The five-year-old effort should pay more attention to environmental, health and safety research.
The federal government's $1.5 billion nanotechnology initiative should pay more attention to environmental, health and safety research and describe its work more clearly to the public to avoid the kind of backlash experienced in debates over nuclear power, genetically modified foods, and stem-cell therapies, according to House Science Chairman Bart Gordon, D-Tenn.
Comment on this article in The Forum.Gordon spoke Wednesday as his panel was considering a draft reauthorization bill to allocate 10 percent of the National Nanotechnology Initiative's research budget to environmental issues, health and safety.
The NNI's potential downsides should "be addressed from the beginning in a straightforward and open way," Gordon said.
The five-year-old effort, which is funded by 13 agencies, has acknowledged the importance of risk-reduction activities, but it also "has been slow to put in place a well-designed, adequately funded and effectively executed research program," according to Gordon.
Rep. Vernon Ehlers, R-Mich., said he was pleased the draft would elevate the "EHS" component but added that policies should allow for that research to be embedded into product development. "We know that each nano-product and process may behave differently, and therefore independent EHS research may not always inform a seemingly parallel project," he said.
The proposed 10 percent set-aside has critics.
Floyd Kvamme, co-chairman of the President's Council of Advisors on Science and Technology, said the figure is problematic. Scientifically determined, strategically planned priorities -- rather than arbitrary percentages -- should guide nanotechnology funding, including for safety research, he told the panel. He added that nano-related EHS research has doubled since 2005 and that as industry picks up more applications, the government's role will change.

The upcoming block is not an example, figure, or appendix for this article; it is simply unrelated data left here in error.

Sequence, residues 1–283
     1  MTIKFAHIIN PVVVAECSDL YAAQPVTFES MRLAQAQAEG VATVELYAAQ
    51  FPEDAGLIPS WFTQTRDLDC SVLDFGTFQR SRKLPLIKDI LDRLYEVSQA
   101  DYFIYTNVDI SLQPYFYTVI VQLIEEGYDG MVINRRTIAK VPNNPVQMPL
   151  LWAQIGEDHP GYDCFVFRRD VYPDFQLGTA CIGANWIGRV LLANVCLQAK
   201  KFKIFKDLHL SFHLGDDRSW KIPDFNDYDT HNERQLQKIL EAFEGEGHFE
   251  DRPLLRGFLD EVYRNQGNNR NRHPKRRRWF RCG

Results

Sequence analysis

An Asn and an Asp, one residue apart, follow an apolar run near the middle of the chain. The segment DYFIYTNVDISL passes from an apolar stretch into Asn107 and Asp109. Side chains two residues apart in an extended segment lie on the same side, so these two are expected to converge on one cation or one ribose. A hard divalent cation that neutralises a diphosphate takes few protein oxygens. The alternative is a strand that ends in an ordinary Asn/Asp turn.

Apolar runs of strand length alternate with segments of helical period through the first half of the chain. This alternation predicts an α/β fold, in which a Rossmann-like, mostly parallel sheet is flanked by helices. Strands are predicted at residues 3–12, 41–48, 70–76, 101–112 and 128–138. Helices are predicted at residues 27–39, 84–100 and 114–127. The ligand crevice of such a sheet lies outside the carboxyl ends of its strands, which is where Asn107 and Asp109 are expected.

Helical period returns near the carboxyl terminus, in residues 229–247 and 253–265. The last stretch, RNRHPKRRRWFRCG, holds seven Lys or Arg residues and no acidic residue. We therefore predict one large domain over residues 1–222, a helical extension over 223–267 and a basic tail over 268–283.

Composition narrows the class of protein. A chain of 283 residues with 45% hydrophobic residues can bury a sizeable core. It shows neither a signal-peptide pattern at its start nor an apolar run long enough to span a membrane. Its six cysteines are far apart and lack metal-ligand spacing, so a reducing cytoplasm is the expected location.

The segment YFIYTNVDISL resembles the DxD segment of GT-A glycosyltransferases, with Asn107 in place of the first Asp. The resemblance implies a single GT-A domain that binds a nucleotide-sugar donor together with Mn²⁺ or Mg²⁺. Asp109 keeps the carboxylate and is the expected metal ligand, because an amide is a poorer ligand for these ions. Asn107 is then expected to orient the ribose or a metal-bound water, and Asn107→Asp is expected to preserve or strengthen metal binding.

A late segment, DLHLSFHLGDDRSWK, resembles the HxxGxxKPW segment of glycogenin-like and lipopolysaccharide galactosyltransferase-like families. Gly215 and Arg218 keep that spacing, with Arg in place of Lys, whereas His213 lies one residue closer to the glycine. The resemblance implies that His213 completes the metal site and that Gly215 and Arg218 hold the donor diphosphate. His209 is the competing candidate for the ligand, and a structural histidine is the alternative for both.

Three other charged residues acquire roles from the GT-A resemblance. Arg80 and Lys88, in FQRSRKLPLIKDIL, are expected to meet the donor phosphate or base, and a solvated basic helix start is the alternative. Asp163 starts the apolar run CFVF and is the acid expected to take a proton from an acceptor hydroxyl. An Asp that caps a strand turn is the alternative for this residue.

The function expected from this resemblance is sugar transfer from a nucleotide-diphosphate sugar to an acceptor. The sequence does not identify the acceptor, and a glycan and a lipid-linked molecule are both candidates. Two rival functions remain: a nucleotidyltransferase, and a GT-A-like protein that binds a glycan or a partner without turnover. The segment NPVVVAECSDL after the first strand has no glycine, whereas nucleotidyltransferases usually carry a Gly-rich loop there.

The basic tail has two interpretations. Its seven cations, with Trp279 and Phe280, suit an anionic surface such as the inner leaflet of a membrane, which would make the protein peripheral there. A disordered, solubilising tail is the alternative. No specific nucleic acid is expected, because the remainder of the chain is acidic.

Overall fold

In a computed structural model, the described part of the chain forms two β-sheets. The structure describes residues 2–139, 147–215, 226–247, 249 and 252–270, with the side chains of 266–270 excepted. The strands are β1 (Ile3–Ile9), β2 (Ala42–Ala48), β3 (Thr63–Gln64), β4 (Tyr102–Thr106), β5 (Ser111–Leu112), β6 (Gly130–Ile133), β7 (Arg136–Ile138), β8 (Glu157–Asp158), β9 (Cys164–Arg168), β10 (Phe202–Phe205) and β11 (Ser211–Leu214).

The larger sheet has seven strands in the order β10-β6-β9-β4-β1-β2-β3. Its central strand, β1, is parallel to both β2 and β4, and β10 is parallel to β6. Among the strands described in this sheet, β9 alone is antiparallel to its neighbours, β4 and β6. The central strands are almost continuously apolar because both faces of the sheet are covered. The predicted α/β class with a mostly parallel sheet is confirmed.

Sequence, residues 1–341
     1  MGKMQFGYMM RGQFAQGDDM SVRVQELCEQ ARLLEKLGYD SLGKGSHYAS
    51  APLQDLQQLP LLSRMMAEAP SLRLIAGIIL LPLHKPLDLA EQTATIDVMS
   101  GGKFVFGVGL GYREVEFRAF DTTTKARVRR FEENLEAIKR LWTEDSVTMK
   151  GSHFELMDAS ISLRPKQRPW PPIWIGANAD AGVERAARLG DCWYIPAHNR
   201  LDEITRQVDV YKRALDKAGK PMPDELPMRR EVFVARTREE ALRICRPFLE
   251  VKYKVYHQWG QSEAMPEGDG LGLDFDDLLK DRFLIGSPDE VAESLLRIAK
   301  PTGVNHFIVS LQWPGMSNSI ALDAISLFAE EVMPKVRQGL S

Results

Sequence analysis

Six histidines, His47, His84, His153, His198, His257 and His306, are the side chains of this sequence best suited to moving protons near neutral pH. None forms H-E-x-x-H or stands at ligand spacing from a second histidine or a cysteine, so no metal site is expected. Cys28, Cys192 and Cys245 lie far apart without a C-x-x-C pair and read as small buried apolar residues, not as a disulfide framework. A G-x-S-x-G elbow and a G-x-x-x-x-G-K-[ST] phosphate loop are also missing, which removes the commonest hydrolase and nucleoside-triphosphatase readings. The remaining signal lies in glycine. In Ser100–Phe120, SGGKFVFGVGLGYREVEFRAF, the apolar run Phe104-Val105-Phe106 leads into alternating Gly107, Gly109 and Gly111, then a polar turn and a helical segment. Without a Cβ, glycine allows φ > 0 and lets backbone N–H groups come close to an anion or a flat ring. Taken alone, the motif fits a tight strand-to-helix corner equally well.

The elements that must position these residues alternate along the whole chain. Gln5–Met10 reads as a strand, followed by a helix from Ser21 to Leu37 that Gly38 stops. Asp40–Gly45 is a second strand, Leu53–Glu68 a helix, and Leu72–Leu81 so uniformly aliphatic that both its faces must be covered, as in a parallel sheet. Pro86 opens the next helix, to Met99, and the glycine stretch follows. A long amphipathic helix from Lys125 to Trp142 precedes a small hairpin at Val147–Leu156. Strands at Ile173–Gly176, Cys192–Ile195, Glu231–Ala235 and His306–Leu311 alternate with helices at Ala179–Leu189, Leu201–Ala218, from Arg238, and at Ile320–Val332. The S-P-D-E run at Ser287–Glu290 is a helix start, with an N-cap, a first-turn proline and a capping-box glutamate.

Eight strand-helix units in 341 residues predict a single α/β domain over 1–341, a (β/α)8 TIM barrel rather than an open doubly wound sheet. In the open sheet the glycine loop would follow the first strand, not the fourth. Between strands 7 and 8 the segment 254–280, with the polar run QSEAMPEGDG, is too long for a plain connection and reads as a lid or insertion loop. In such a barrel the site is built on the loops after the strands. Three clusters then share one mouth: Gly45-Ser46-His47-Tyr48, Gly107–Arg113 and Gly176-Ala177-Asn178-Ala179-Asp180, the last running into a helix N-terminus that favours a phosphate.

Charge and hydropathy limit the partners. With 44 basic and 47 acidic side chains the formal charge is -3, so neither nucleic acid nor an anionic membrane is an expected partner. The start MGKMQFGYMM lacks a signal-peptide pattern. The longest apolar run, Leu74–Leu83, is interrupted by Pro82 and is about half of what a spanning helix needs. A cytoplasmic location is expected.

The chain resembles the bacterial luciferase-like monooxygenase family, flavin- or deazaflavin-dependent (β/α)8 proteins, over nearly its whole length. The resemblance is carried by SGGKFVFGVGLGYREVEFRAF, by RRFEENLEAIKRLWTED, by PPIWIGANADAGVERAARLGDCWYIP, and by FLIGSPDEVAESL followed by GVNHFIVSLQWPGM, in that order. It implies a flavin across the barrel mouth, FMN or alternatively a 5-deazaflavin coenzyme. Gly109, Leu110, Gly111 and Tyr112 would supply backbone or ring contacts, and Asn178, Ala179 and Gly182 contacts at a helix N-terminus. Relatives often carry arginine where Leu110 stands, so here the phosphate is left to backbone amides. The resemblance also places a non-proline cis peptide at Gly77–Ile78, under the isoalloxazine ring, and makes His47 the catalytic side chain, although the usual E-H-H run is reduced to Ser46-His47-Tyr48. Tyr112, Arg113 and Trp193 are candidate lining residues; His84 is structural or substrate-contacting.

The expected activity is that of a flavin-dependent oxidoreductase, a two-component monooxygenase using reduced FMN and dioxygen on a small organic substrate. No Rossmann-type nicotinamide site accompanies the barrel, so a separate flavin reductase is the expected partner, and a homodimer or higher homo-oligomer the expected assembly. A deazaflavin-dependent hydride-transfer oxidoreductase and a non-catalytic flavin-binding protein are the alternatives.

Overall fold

NanoBusiness Alliance executive director Sean Murdock said his group supports the reauthorization effort and believes the 10 percent allocation is reasonable.
Andrew Maynard, chief science adviser for the Woodrow Wilson Center's Project on Emergency Nanotechnologies, agreed, saying that "any less would risk compromising the success of nanotechnology."
Maynard also called for the establishment of a top-level framework that identifies goals of nanotechnology risk research across agencies. He also said public-private partnerships should be leveraged to address oversight issues in an independent, transparent and timely manner. "Without transparency, there is no clear foundation for establishing strategic planning," he said.